The problem and the prize
The comments made by the MD of this small but growing general maintenance company captured the seriousness of the problem:
• We’ve got very good internal systems …but they’re from the ‘50s
• I’m very conscious the world changing quite quickly!
• If we’re not doing something new…we’re not going forward…
• Commercial maintenance is pretty generic so anything that differentiates us is good
The company had been around for some 20 years but for the last few years had “drifted” and the original MD wanted to exit the £750k pa turnover company.
The new MD bought the company and in the first year had shaken up many of the old paperbased systems and grown it by 30%. However, further growth was severely limitied as PQQ’s consistently asked for management system certifications the company did not have.
Essentially the company needed to tidy up it’s own internal processes and get UKAS approved certification to allow it access to more lucrative parts of the market.
The ambition was to smarten the systems and significantly grow the company.
The company focused on highly competitive, predominantly low level commercial maintenance work for prestigious clients in the City of London. A typical job may be fixing a door handle or a blocked toilet, each job typically commanded between £50 and £500.
The approach and the solution
The approach was not to simply build a UKAS registered ISO management system; the approach was to develop a system that the company could use as a platform for consistency and growth: They wanted to make the system their own, as a result they gave it a name and developed a logo consistent with the company initials. The system became their:
The three members of the management team were completely committed to the growth of the company and how the project could help. Originally, the project was to be undertaken via a series of face to face meetings and workshops but with the onset of Covid-19 the entire project was undertaken virtually.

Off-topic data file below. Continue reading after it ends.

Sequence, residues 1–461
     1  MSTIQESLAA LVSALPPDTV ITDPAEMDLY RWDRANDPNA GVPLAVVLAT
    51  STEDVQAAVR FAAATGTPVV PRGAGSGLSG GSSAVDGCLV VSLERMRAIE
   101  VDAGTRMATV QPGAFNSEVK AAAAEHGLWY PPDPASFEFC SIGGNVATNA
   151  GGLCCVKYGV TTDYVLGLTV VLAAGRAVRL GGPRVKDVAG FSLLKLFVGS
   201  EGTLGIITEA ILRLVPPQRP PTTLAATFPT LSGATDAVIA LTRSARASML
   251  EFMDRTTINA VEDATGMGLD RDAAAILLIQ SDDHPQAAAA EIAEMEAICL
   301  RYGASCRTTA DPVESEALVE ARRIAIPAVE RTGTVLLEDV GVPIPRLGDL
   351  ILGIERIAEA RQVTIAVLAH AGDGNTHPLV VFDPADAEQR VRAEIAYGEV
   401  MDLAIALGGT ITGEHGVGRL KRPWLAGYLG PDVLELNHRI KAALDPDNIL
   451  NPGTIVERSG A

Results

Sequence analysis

The initial task was to work on the company purpose. All systems need an “aim”, something to deliver on, and the question asked to define the “purpose” was – What are the benefits and capailities that you deliver to your clients? Their client purpose was defined as: Client purpose: We let busy and stressed facilities and property managers know that maintenance issues with their buildings will be solved efficiently and professionally & let them know when they are.
In considering the idea of a purpose for the system, impressively the, cerebral and people focused, MD suggested that there should also be a purpose for the staff. As a result, a second purpose was developed:
• Staff purpose: We will provide a supportive, fun environment where we help develop, challenge and fulfil our people whilst rewarding them properly
The purpose provides the aim for the systems and processes, the core activities undertaken, to deliver on. The core activities are those undertaken to deliver value to the client; essentially, the way in which the work works. This was defined as:
In order to fuel growth, there will be cash out at the beginning of these processes and cash back in at the end. As a result, it is these systems that need to be continually developed so they are made slicker, better & faster as the company changes and expands.
This core activity map was then placed in an overall systems diagram to give a “one page window” onto the entire system.
• The company now has a “book of best practice” that will be used as a platform for a process of “creative destruction” to continually refine how the company’s work works
• On site end of job review systems have been introduced to identify additional works which within months returned more than the initial project cost
• Applications are now being made for contracts that could deliver a return of 10 or even 30 times the initial investment